Junior welterweight Scott Kelleher made a successful debut against Xzavier Ford, 0-2, of Concord, NC, in a scheduled 4-rounder. Kelleher, of Philadelphia’s Joe Hand Boxing Gym, stormed right out at the opening bell and pounded his opponent into submission. After just 1:57, referee Eric Dali stopped the fight and awarded Kelleher a TKO in his first professional start (1-0, 1 KO). 

In a junior welterweight contest, Sam Ellsworth, 3-0, 3 KOs, beat southpaw Kashif Muhammad, 0-2, of New York, with a 3rd round knockout. The fighters split the first two rounds before Ellsworth, Farmersville, LA, caught Muhammad with a hard left and a brief burst to the body that put the New Yorker down. Muhammad stayed down and took the count, nodding all the way. 

Philly’s Jerome Conquest scored the first knockout of his 3-1 career - and it was a spectacular one. After winning the first three rounds comfortably against a debuting David Perez, Conquest kept his dominance going in round four with his speedy in-and-out left-handed style. After pretty much nailing down the round in the first two minutes, Conquest began showboating in the final minute, seemingly happy to claim another points win. 

However, in the waning seconds of the fight, a suddenly orthodox Conquest crushed Perez with a devastating right hand that put the Pittsburgh fighter on the deck, face down in a heap. The fight was stopped without a count and the medical team was called. Perez was revived, but it was a scary moment. The end of the fight came at 2:51 of round four. 

In a bloody 6-round heavyweight bout, Chinese giant Zhang Zhilei, 5-0, 3 KOs, knocked out Norfolk’s Dennis Benson, 2-7-1, 1 KO, in a messy but entertaining slugfest. Zhilei won every round, but Benson was tough and gave the 2008 Olympic Silver Medalist a test.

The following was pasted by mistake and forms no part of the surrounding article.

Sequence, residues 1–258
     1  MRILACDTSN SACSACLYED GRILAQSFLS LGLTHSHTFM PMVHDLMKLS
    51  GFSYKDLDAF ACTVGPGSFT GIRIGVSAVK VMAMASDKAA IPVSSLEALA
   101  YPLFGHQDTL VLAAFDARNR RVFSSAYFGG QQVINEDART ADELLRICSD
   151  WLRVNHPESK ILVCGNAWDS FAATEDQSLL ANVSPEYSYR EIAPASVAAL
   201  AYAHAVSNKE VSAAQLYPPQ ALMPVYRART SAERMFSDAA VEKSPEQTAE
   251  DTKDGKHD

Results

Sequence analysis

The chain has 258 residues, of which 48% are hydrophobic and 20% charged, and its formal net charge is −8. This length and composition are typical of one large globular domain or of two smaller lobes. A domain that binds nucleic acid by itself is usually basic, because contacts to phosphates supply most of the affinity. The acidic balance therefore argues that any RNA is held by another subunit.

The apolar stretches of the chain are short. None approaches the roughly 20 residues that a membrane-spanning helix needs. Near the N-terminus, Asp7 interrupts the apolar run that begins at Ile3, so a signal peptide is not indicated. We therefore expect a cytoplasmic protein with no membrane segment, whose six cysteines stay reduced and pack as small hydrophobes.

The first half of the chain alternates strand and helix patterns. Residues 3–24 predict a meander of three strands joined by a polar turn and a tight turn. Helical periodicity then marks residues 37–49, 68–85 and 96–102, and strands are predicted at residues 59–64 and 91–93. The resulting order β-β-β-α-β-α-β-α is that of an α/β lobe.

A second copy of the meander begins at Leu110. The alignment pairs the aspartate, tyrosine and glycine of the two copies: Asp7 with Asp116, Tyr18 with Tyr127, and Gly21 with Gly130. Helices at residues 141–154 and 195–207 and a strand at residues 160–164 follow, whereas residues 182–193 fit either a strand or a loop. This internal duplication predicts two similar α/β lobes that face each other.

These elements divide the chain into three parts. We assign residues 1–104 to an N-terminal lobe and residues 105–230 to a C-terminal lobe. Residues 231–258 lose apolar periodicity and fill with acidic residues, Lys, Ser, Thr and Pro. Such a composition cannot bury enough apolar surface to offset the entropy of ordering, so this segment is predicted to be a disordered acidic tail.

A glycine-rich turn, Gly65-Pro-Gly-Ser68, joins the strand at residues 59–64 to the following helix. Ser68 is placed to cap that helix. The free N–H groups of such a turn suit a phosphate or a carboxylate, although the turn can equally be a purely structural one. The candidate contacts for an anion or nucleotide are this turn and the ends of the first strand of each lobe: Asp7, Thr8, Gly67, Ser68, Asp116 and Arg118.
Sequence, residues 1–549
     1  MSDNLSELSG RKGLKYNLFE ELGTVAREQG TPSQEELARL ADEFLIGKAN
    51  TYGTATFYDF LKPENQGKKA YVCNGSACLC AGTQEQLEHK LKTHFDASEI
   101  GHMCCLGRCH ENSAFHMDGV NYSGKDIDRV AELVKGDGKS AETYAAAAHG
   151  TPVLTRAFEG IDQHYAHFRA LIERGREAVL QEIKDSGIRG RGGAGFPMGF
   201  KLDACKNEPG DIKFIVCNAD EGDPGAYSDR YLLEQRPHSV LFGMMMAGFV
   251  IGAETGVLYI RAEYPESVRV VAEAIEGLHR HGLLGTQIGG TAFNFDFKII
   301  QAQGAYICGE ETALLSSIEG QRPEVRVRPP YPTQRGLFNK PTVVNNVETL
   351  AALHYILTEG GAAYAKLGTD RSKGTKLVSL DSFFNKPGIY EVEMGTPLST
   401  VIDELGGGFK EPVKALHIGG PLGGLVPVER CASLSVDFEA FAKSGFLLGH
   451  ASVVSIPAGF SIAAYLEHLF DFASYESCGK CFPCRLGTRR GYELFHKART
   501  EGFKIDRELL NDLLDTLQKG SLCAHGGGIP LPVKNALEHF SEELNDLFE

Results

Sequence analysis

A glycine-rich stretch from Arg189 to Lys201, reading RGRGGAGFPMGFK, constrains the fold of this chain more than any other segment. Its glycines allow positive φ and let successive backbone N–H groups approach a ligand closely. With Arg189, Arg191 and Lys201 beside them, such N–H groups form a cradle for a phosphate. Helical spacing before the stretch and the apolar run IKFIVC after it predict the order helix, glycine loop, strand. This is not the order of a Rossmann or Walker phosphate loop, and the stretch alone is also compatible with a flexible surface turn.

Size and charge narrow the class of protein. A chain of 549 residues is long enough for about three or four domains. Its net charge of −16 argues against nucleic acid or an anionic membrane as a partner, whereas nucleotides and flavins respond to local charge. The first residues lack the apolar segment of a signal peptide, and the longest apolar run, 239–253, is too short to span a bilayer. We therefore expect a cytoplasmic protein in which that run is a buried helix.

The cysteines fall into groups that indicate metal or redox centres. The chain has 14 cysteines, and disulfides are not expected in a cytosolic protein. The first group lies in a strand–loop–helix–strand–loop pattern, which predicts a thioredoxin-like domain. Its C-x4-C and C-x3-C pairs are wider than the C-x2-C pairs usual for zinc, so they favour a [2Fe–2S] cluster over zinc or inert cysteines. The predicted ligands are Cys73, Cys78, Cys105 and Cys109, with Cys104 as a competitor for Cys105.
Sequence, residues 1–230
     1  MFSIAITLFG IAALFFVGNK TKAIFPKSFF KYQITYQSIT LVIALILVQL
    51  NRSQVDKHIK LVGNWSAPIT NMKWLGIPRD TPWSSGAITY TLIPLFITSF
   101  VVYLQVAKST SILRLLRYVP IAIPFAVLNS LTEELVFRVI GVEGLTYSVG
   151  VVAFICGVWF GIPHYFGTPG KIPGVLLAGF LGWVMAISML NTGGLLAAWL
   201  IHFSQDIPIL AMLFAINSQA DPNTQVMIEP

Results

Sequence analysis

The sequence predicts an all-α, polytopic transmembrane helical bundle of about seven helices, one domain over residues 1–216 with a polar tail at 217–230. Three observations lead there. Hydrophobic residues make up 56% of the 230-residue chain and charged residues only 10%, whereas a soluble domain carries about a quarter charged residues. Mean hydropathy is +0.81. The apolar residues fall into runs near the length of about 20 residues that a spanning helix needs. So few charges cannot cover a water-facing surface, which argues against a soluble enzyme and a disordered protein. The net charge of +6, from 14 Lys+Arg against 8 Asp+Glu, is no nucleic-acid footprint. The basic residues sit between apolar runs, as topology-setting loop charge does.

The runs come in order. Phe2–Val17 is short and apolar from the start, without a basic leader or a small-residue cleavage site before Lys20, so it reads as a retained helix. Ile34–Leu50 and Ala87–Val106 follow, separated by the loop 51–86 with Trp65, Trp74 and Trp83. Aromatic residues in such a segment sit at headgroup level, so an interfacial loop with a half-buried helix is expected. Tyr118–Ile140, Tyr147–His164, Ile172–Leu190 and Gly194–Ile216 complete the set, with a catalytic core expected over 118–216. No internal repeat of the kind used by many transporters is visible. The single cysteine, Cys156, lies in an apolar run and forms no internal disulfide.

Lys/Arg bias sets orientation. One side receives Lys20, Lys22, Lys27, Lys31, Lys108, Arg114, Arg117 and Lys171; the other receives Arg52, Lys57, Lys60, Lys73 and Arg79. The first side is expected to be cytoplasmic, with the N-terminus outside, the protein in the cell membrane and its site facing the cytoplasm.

In round three, Zhilei was cut over his left eye and moments later, Benson’s nose began pouring blood. The fighters battled away as the blood flowed freely for the remainder of the fight. 

Finally in the sixth and final round, Zhilei hit a fading Benson with a right-left combination that put him down. Benson looked exhausted and hurt, his own blood smeared all over his face. However, he stood up and returned to the battle. Zhilei immediately met him and fired a deadly combination that overwhelmed Benson. A right sent Benson’s mouthpiece flying into the crowd and a left hand deposited him on the floor where he took the full count from referee Sammy Viruet. The time was 56 seconds of round six. 

Camden junior middleweight Alex Sanchez won a 4-round unanimous decision over Pensacola’s Eric Kitt in a good scrap. The rangy Kitt boxed well, but Sanchez’ power punches allowed him to win rounds and establish the lead. After four full rounds, the judges had Sanchez comfortably ahead, 40-36, 40-36 and 39-37. Sanchez raised his record to 6-6-1, 2 KOs, while Kitt slid to 5-2, 2 KOs. 

In the opening bout on the card, Wang Zhimin extended his undefeated string to 4-0, 2 KOs, when he scored a knockout over winless Carlos Nieves, 0-8-1, of the Bronx.  Zhimin won every round leading up to the fight’s finish at 2:34 of the fourth and final round. It was a jarring left uppercut that put Nieves down and out. The referee was Sammy Viruet.   

The Playground turned out to be a fine boxing venue with its intimate setting, giant playback screen, and wrap-around balcony. The room was scaled for the modest crowd of 500-600, but could accommodate more. 




John DiSanto - Atlantic City - August 15, 2015